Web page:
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Although the late Supreme Court Justice Antonin Scalia was best known for his strident dissents from not only his fellow liberal judges on the bench but even occasionally his conservative allies, he always prided himself on not just the slashing wit contained in his decisions but on his readable and provocative style.

A few years back, Scalia co-authored a book, Making Your Case: The Art of Persuading Judges. Some of its advice on presentation — dress to impress, and “Maintain a dignified and respectful countenance”— is not too helpful for the average writer, who we can probably agree are a (albeit proudly so) slouchy and indifferently attired lot.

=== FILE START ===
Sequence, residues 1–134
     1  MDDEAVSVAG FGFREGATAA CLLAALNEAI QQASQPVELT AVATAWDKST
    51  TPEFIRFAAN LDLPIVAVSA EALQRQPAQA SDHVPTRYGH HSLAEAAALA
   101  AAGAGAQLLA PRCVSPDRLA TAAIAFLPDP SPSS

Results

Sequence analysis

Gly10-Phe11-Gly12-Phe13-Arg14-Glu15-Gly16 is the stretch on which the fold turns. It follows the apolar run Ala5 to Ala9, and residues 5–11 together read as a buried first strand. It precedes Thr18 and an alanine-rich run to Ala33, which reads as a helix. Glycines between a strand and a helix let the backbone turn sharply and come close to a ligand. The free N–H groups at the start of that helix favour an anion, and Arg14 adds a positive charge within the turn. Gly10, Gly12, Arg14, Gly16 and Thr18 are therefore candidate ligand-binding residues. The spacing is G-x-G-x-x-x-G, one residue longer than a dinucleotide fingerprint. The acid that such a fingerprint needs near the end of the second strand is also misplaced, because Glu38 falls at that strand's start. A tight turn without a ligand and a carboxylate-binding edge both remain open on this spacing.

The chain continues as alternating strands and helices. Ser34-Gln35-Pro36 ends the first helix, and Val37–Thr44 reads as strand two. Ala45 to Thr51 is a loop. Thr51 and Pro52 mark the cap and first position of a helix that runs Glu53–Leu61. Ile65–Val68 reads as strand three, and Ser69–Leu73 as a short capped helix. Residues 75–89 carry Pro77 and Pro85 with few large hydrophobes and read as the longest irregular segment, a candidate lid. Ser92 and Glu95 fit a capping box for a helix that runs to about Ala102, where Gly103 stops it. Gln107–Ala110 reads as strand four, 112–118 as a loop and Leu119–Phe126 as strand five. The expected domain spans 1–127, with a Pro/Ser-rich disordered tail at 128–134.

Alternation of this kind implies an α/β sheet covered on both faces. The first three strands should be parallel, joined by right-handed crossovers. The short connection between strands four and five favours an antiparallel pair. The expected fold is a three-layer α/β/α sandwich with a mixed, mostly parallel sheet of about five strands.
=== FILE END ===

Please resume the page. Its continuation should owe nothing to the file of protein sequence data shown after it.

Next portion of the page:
But the tips from Scalia (a grammar nerd who bonded with his co-author over a David Foster Wallace essay titled “Tense Present”) on writing presentation are worth heeding:

There’s a myth abroad that you should never begin a sentence with a conjunction. But look at any species of reputable writing—whether it’s a good newspaper, journal, novel or nonfiction work—and you’re likely to find several sentences per page beginning with one of those little connectives. You can hardly achieve a flowing narrative or argument without them…

Banish jargon, hackneyed expressions and needless Latin…

People tend not to start reading what they cannot readily finish…

Remember, many lawyers write for a living. The better ones do it well.

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